For most of 2014 I worked with a small team1 on Sup, an iPhone and Android application that let users explore the world through live video. Users could sup their friends, and recipients could accept those requests to open a one-way live video stream. The user watching, the subscriber could send instructions to the user filming, the publisher2, such as “go forward”, “turn left”, “dance”, or “act sleepy”. Afterward, the publisher could choose to share an automatically-edited version of the videos.
The app was inspired directly by, and felt remarkably like, the 1999 movie Being John Malkovich3, in which a puppeteer and other characters take advantage of a mysterious portal to experience and control the life of actor John Malkovich. (Somehow there is not a single decent copy of this trailer on the Internet.)
Sup offered a novel communication experience and was a lot of fun. Because sups were initiated by the subscriber and not the publisher, users would receive and accept sups when they were doing everyday things like playing video games, walking home, or eating sandwiches with their coworkers. Sup offered users a glimpse into their friends’ lives that they would not otherwise have gotten; the content was interesting not because it was perfect, but because it was personal and authentic.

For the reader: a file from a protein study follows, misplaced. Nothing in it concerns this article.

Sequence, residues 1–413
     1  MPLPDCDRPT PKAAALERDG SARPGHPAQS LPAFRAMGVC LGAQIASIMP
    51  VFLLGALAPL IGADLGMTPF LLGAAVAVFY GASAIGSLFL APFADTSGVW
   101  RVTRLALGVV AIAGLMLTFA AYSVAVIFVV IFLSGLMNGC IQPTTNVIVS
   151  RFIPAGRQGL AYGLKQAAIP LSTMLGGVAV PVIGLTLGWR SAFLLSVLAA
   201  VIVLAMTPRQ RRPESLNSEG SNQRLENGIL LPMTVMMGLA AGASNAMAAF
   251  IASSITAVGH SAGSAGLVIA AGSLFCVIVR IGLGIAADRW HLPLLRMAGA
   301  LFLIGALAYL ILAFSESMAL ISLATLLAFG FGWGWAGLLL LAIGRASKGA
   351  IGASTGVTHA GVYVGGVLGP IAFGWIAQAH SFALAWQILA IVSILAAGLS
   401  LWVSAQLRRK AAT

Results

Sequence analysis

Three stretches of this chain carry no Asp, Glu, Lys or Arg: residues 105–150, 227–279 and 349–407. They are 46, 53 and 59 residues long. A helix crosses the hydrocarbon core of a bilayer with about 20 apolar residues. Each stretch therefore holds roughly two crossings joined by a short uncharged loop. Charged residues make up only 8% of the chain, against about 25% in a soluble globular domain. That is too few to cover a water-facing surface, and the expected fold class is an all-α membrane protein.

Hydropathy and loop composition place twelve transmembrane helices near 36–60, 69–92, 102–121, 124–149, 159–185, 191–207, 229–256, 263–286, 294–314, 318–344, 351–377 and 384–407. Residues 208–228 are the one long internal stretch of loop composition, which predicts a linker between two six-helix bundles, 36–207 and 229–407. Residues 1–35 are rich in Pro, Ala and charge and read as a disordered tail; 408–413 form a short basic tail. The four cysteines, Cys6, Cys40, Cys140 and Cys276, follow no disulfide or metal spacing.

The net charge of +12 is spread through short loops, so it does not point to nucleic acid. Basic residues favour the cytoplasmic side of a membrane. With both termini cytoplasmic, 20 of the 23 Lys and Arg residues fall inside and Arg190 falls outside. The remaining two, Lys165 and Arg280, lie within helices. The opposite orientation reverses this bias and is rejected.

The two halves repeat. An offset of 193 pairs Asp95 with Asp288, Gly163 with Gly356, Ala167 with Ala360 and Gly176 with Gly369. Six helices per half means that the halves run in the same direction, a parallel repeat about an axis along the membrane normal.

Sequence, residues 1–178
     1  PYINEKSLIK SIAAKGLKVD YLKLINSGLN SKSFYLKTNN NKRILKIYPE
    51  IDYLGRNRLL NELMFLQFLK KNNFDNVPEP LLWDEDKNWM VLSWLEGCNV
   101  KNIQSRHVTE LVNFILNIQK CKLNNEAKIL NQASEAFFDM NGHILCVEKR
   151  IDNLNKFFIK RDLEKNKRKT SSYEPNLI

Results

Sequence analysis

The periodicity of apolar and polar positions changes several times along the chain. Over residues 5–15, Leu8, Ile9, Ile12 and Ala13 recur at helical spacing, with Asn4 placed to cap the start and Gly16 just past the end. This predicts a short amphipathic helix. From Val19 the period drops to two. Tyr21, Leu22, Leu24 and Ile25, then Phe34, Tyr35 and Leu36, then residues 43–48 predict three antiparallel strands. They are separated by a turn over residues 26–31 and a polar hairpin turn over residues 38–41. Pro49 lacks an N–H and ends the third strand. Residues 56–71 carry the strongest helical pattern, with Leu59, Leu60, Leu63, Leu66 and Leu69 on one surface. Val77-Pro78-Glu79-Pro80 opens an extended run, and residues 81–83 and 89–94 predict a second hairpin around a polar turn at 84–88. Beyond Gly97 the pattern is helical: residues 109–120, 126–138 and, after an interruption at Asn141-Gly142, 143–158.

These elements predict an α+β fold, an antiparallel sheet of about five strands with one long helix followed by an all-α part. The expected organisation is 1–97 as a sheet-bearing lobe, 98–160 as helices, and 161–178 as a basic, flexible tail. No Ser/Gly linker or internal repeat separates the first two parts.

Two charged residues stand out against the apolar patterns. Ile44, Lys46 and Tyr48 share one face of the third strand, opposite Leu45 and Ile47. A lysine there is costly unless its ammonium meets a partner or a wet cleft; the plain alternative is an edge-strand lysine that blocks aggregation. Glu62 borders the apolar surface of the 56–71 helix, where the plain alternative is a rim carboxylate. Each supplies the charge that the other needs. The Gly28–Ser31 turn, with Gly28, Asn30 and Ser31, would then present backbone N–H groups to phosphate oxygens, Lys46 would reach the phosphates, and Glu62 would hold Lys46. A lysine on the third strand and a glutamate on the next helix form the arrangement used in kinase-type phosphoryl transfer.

Most of my work was on the iPhone app, and I’ve documented the functionality of the different versions of the product below. The app was featured by Apple, and had a 4.5-star rating with 53 reviews. In addition to articles published on TechCrunch4, Mashable, and Business Insider, our CEO was invited to talk about Sup on CNN:
Sup 1.x — Launch Early and Iterate
We knew it was difficult for any video streaming app to get two specific users into the product and connected to each other at the same time. In many ways, the problems are similar to those of a phone call: if the callee doesn’t pick up, the caller has a bad experience.